Arctic Sea ice reached its minimum extent in September, 2017.
Arctic sea ice, the layer of frozen seawater covering much of the Arctic Ocean and neighboring seas, is often referred to as the planet’s air conditioner: its white surface bounces solar energy back to space, cooling the globe. The sea ice cap changes with the season, growing in the autumn and winter and shrinking in the spring and summer. Its minimum summertime extent, which typically occurs in September, has been decreasing, overall, at a rapid pace since the late 1970s due to warming temperatures. Arctic sea ice appeared to have reached its yearly lowest extent on Sept. 13, according to NASA and the NASA-supported National Snow and Ice Data Center (NSIDC) at the University of Colorado Boulder. Analysis of satellite data by NSIDC and NASA showed that at 1.79 million square miles (4.64 million square kilometers), this year’s Arctic sea ice minimum extent is the eighth lowest in the consistent long-term satellite record, which began in 1978. Watch the video to see the receding sea ice.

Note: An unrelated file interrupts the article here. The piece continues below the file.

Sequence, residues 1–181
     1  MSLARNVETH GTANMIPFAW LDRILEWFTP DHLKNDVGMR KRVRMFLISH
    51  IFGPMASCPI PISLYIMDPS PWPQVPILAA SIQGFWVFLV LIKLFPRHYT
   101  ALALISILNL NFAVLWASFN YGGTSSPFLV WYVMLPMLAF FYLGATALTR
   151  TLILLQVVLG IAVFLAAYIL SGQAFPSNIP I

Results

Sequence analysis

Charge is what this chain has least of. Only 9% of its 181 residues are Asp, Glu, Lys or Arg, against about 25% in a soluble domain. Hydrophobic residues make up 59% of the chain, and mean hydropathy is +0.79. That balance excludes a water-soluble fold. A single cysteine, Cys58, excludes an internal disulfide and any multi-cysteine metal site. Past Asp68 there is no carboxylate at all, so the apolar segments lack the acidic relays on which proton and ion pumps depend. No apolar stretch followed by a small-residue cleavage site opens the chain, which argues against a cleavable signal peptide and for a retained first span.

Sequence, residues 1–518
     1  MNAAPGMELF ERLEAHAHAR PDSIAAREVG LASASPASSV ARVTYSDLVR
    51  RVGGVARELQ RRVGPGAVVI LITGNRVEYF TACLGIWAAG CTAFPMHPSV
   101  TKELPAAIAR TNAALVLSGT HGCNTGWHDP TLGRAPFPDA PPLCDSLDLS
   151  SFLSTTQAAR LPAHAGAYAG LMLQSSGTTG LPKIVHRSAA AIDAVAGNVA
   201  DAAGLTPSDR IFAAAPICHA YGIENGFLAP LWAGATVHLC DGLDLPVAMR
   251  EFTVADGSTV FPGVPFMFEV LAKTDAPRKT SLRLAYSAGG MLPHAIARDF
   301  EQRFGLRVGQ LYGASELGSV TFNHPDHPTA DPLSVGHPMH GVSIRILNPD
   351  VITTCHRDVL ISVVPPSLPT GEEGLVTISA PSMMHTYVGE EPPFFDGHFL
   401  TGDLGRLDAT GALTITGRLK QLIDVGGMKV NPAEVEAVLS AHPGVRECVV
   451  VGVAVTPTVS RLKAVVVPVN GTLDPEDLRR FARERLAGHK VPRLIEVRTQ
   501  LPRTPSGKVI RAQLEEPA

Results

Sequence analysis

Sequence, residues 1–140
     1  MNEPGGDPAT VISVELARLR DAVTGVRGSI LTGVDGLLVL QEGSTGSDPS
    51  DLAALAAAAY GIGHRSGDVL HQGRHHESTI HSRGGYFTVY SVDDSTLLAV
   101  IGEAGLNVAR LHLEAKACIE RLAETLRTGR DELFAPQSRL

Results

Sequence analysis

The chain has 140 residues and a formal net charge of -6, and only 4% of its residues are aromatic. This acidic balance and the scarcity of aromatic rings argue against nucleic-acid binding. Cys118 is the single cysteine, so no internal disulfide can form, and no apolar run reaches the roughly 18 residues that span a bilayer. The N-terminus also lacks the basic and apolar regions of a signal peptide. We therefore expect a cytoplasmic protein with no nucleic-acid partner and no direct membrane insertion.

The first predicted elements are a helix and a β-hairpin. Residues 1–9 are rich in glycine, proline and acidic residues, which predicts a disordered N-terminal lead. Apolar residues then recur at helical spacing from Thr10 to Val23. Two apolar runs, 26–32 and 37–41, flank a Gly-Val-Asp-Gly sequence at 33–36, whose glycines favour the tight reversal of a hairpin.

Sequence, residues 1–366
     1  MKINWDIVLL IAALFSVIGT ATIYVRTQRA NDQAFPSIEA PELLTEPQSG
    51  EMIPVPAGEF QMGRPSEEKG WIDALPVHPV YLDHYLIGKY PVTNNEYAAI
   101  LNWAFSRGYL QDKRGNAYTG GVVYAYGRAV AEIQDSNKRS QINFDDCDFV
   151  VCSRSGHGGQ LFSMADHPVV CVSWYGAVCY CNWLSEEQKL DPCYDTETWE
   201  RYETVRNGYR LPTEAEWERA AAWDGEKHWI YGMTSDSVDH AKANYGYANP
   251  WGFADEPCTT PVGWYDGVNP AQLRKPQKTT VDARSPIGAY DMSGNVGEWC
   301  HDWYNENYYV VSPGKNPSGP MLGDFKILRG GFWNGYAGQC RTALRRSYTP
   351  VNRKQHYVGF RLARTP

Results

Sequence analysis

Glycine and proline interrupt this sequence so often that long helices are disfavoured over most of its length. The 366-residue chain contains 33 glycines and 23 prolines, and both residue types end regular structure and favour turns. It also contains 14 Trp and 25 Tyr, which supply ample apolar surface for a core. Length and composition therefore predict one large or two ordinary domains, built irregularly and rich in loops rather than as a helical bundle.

Watch arctic sea ice diminish over the summer months to its minimum in September.
Arctic sea ice was at its annual maximum extent in March.
On September 13, 2017, arctic sea ice reached its minimum extent. The yellow line shows the 30-year average extent from the period 1981-2010.
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NASA's Scientific Visualization Studio